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Edoardo Bove Opens Up on His Upbringing, Relationship With Mourinho, Footballing Idols & More

The young midfielder spoke at length in a recent interview with DAZN, giving insight into life as a young Roman playing for AS Roma, his idols, his relationship with Mourinho, and more.

SS Lazio v AS Roma - Serie A TIM Photo by Ivan Romano/Getty Images

Edoardo Bove has the chiseled good looks, physical tools, and the local lineage to be an icon for AS Roma. However, as a club that needs production from young, cost-controlled assets to remain competitive, Bove experiences more pressure than the average U-23 player just beginning their career. It would be one thing if Bove played for Lecce, Empoli, or Cagliari, places where he'd have the benefit of time, but time is a luxury Roma can seldom afford.

As a club firmly in Europe's middle class, Roma cannot afford to field 11 ready-made superstars. To remain competitive, the Giallorossi needs to exploit as many young, cost-controlled players as possible. With these savings, the club can then focus their limited transfer funds on one or two key pieces: players in their prime who can put Roma over the top.

The problem, as far as Bove is concerned, is that he's Roman. And the second a local kid shows any talent for the game, the clock starts ticking. He has to contribute immediately because, like it or not, he bears not only the weight of expectations but also the legacy of local legends like Francesco Totti and Daniele De Rossi.

Bove can't simply exist. He can't simply play well for a kid his age. He has to possess the same ethereal feel for the game as Totti and the same rage, pride, and passion as De Rossi. It's an impossible legacy to live up to, but as a Roman playing for AS Roma, he has no choice.

This birthright is a blessing and a curse. but in his brief tenure with the club, Bove has managed these stresses well. Earlier this week, the 21-year-old midfielder opened up about his upbringing, progress with the club, footballing idols, and more.

Here are a few of the best bits, but the full DAZN interview is embedded at the end of this piece. (Translations via Google, Romanews, Vocegiallorossa)

On life as a Roma supporter growing up:

"My family has always passed on this passion to me. Then my dad has Neapolitan origins and my mom is German and so I'm a little bit half and half. I took a bit of the stern side from mum and the slightly more playful and nice side from dad. However, I began to have a passion for Rome as a child. Then I entered Trigoria when I was ten, now I'm twenty-one and this is the twelfth year and so I've been here more times than at home.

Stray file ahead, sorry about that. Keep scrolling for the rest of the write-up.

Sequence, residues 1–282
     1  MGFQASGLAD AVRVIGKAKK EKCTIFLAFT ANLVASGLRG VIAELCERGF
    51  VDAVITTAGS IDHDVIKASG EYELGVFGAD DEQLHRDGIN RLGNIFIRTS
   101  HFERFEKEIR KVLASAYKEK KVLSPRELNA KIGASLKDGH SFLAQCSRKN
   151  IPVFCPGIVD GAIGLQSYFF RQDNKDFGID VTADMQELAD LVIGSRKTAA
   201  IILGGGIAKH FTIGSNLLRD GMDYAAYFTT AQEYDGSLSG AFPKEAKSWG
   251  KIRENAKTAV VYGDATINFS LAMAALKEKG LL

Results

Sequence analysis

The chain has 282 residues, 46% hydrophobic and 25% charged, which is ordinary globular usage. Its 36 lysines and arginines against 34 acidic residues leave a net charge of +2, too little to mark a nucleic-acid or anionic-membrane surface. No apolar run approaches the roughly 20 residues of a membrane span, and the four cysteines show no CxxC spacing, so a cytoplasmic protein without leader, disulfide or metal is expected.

I know what it means, as time passes and you grow, you also understand the importance of where you are as you move forward. That's the best thing because maybe someone says you've been in Rome for twelve years and maybe it started to become a routine and a habit. Instead, every year that comes is even better and I hope to continue like this.

On his development and integration into the first team:

"... everyone has a different path, I was lucky and good at taking advantage of a certain type of opportunity and staying here the whole time. Now, of course, I'm happy with what I'm doing. It's a very beautiful moment because you always project yourself into the future while also being young, so you are always very active and very energetic.

"... in general I think a footballer's career also leads young guys to grow right away. Because an eighteen year old boy finds himself in a locker room with men with children and the topics are different and the responsibilities are different. So you're already growing from other points of view too. As if everything were elevated to the nth degree. Maturation is also high and you see improvements. But it's nice to be so at the center of a project."

On what it's like playing for José Mourinho:

"Yes, the fact of giving me so much responsibility leads me to still have a relationship of great trust. When a coach gives great trust to a player I believe that repaying it is the best thing. Naturally the coach is truly a master of the mentality he transmits to us, of the wickedness we must have on the pitch and during training. The fact that he gave me this trust and this responsibility helped me grow. Because it's one thing to play without pressure and another thing to confirm yourself game after game which is the most difficult thing."

And finally, on his footballing idols:

"From a football perspective, the Roma player that I remember very well, even quite recently, is Nainggolan. I really liked him as a type of player and he was one of my favorite players. This is not to be trivial, because how can you say that you wouldn't have wanted to share the locker room with De Rossi and Totti?".

If you're interested in the full interview, or even if you just want to brush up on your Italian listening comprehension, give it a look!